It has been almost 400 years since John Winthrop first described early colonial America as a shining City upon a Hill with the eyes of all the world upon her. Alexis de Tocqueville further enunciated this view when he described the Republic's special place among nations. Although Winthrop's explicitly religious references no longer ring true to many Americans, the idea of American exceptionalism retains a central role in our modern political discourse. Nearly three decades ago, President Ronald Reagan sailed to two landslide victories with a recurring theme of restoring America to her rightful place atop that Hill. In his farewell address to the American people, he spoke fervently of the shining City he envisioned, "windswept, God-blessed, and teeming with people of all kinds living in harmony and peace."
But this view of America is not universal. Some Americans reject the idea that our Republic is any better than or different from other nations. Others caution that infidelity to our ideals in the War on Terror jeopardizes the very qualities that make America so distinctive. These issues were the topic of debate at the 2007 Federalist Society National Lawyers Convention. This Issue of the JOURNAL includes five essays developed from remarks given at the Convention. We are pleased to publish Professor Randy Barnett, David Rivkin, Jr., Professor Nicholas Rosenkranz, Professor Nadine Strossen, and Professor Graham Wilson. Their essays discuss different aspects of the theme American Exceptionalism, including American constitutionalism, executive power, judicial use of foreign law, and citizen conceptions of the Republic. I am hopeful that these essays will provide a starting point for continued conversation about America's rightful place in the world.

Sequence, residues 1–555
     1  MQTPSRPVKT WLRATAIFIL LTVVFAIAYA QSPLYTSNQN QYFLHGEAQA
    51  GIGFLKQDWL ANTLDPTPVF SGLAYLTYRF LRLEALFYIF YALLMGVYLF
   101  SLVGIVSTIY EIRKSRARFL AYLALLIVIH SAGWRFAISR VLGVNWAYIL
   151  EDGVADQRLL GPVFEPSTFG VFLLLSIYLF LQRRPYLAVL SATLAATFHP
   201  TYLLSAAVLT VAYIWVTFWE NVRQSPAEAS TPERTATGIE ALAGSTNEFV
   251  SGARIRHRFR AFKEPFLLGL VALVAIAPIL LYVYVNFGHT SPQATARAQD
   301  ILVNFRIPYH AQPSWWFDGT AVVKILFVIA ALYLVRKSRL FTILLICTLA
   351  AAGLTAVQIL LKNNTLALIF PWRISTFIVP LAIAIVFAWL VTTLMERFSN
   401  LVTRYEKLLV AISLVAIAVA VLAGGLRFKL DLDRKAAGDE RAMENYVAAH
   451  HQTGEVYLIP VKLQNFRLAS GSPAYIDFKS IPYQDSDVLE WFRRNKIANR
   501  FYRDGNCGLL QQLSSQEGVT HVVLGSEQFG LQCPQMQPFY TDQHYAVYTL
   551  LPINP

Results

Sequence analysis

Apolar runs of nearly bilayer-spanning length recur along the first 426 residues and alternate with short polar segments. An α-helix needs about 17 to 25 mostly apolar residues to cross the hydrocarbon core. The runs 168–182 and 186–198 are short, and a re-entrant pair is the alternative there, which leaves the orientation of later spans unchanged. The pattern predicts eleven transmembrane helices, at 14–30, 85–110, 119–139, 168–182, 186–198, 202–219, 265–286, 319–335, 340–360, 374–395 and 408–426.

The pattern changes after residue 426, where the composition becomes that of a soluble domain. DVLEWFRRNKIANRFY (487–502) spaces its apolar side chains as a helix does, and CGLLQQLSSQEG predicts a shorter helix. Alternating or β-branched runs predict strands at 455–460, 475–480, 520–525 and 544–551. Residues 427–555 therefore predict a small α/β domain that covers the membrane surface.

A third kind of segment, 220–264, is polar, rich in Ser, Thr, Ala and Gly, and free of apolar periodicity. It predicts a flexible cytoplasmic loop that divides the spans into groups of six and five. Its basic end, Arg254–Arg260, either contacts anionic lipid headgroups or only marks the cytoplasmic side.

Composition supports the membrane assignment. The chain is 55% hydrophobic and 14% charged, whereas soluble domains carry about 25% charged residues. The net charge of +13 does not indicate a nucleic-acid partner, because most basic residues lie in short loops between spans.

The JOURNAL is also delighted to publish an essay by Judge Laurence Silberman of the D.C. Circuit. On Honor argues that too few of our public servants today appreciate the importance of honor. Drawing from forty years of public service, Judge Silberman sets forth his vision of honorable conduct for governmental officials. When officials disagree with the policies of their President, their only choices should be resignation or soldiering on. Anonymous leaking to the press and writing tell-all books are dishonorable and self-serving conduct that undermines the President all public servants pledge to support. Judge Silberman's essay challenges us all to think deeply about the foundations of public trust in our society.
The neutrality of law is typically regarded as a defining feature of liberal democracy, but what does it mean for the law to be neutral? Professor John Breen sheds light on this question by examining both liberal theory and Catholic social thought across four dimensions of neutrality. He demonstrates that the idea of neutrality provides little insight because, as Catholic thinkers have long understood, any attempt to craft a viable system of law without an underlying theory of the good either obfuscates the reality that governments constantly make and apply value judgments, or loses the benefit of structuring a society with an eye toward the inherent truths of human nature. Professor Breen's work is a powerful testament to the theory that all sound public policy must rest upon an understanding of the fundamentals of the human condition.
In a controversial opinion, the Federal Circuit recently held that a university's academic research could render it liable for patent infringement, greatly narrowing the experimental use exception. Academic commentators have criticized the decision, arguing that such strong restrictions on experimental use will inevitably lead to decreased innovation, because of the cumulative nature of innovation and irrational holdouts. Alan Devlin persuasively defends strong patent holder rights to control experimental use. He demonstrates that, rather than decreasing the net public good created by the patent system, such strong protections will increase the ex ante incentives to invent, which will lead to more innovation. …